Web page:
BLM works to restore migration corridors for pronghorn in southeast New Mexico

Story by Randy Howard, Assistant Field Manager, Pecos District Office. Photo by BLM.

In 1820, Major Stephen Harriman Long was appointed by Congress under President James Monroe to lead an expedition through the American West, exploring areas acquired in the Louisiana Purchase. He and his men observed that pronghorn were abundant near water in the northeastern part of New Mexico. Since that time, most anecdotal evidence suggests that the pronghorn population declined precipitously in the century of settlement that followed Long’s expedition. In 1916, Aldo Leopold, a state biologist in New Mexico, estimated that there were just over 1,700 pronghorn in the state. For the past few years, the BLM New Mexico Pecos District has been working with the New Mexico Department of Game and Fish (NMDGF) and landowners to re-establish pronghorn populations and their movement corridors.

In recent years, pronghorn populations have dwindled down due to their access being impaired because of netwire fences. To remedy the problem, BLM installed pronghorn passes. A pronghorn pass is a four-strand barbed wire fence, with the bottom wire being smooth and 16-18 inches off the ground, which allows the pronghorn to pass through the fence. This wildlife-friendly fence varies in length from 100 feet to miles. The BLM Pecos District has cooperative agreements with permittees for fence modifications on 47 allotments totaling 1,024,161 acres and has installed 320 pronghorn passes.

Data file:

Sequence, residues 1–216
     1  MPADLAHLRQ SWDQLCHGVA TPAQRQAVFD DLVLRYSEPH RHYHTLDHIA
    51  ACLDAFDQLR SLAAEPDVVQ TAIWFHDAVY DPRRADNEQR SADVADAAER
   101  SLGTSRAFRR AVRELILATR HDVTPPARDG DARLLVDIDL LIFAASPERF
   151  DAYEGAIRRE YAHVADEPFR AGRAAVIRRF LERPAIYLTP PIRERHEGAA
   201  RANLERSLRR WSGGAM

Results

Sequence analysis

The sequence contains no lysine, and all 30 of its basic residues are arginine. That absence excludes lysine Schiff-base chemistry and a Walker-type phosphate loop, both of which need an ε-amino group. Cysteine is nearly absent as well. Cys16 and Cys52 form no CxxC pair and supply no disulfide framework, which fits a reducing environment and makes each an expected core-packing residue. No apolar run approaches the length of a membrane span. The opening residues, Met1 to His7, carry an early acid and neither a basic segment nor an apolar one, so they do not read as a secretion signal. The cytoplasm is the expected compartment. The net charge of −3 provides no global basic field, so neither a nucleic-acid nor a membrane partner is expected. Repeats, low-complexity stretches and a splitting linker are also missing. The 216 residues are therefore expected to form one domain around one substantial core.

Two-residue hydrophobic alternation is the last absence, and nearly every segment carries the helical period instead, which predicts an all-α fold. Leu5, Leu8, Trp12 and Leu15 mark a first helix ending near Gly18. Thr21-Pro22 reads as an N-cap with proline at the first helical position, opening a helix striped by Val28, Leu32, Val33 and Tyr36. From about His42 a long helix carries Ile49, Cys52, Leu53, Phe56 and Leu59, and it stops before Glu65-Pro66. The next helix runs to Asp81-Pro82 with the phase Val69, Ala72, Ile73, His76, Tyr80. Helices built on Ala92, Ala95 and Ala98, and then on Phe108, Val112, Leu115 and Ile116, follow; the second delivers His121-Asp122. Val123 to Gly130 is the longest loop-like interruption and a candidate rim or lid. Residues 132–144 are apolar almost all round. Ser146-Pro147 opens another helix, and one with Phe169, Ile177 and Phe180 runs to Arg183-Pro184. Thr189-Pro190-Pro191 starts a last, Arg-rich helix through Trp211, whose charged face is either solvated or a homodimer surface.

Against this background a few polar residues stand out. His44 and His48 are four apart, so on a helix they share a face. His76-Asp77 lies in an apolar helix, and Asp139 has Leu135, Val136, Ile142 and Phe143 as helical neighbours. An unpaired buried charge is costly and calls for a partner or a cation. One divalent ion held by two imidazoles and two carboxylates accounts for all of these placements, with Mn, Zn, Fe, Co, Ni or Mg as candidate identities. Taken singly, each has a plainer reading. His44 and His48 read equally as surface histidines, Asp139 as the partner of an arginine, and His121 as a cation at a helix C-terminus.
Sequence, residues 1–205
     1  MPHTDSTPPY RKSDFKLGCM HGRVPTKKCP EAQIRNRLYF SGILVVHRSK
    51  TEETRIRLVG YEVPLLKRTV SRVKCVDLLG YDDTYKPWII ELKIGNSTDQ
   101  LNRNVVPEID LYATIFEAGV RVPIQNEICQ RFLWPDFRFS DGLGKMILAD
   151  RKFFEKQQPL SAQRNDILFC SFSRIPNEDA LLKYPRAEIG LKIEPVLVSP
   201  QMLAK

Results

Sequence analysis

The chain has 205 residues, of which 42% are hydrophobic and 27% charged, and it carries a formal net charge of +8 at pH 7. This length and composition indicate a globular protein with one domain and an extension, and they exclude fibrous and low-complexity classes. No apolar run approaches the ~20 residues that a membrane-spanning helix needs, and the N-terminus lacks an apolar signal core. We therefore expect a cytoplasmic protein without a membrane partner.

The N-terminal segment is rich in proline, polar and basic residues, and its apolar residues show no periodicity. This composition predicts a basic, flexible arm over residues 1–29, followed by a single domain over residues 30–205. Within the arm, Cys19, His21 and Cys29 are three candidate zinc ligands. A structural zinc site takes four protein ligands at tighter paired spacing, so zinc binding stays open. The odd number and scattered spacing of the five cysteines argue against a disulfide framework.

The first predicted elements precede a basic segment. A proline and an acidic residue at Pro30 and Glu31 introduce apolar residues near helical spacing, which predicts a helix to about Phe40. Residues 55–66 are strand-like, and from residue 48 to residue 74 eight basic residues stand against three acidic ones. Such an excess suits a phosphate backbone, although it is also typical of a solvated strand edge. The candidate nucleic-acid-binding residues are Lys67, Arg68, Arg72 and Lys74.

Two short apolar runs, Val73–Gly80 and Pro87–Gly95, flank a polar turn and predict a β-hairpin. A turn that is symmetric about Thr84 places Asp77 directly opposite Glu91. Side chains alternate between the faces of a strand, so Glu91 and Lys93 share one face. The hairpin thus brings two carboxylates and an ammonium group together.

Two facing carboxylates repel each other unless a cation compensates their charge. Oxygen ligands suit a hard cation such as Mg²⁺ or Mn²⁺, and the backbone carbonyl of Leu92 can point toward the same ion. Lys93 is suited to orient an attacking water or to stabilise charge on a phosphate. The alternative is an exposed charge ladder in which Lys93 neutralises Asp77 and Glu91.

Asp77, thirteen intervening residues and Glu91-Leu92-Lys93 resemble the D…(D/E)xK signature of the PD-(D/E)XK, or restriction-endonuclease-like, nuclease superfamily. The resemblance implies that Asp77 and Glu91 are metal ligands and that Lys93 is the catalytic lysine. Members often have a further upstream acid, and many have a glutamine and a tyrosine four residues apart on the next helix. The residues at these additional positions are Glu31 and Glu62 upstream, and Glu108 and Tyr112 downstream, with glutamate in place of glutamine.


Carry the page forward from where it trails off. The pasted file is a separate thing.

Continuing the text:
Pronghorn utilizing a pronghorn pass that was installed in 2013.
This photo depicts a pronghorn pass that was installed in 2013. Pronghorn are frequently observed utilizing passes where the netwire ends.

Once the pronghorn passes were in place, the BLM was ready to bring pronghorn back to the area. In 2012 and 2013, NMDGF and BLM translocated 150 pronghorn from the UUBAR Ranch near Cimarron, New Mexico to the Macho Habitat Area, northwest of Roswell. Thanks to a new partnership with the National Fish and Wildlife Foundation’s “Pecos Watershed Conservation Initiative,” BLM has been able accelerate efforts to open up historic habitat for existing pronghorn herds. This particular foundation grant program is sponsored and funded through a unique partnership with multiple oil and gas partners active within the Permian Basin, the Natural Resources Conservation Service (NRCS), and the BLM.

Multiple ranchers and the New Mexico Department of Game and Fish are matching and leveraging BLM and NRCS efforts with the National Fish and Wildlife grants. As a result, over 100 miles of fence have been modified to allow passage of pronghorn into pastures and ranches that were previously blocked off. The modifications have allowed the existing pronghorn populations within the Macho and Indian Basin Habitat Management areas to travel historic corridors following the rain patterns, and utilize forage and cover where it occurs naturally on an annual basis.

BLM partners who have contributed to the efforts include New Mexico Department of Game and Fish, National Fish and Wildlife Federation, New Mexico Association of Conservation Districts, Chaves Soil and Water District, National Wild Turkey Foundation, Mule Deer Foundation, Safari Club International, Natural Resource Conservation Service, and BLM permittees.

Landowners, NGOs, industry and agency personnel are excited about working together and are hopeful that pronghorn populations will expand throughout most of their historic range in southeast New Mexico.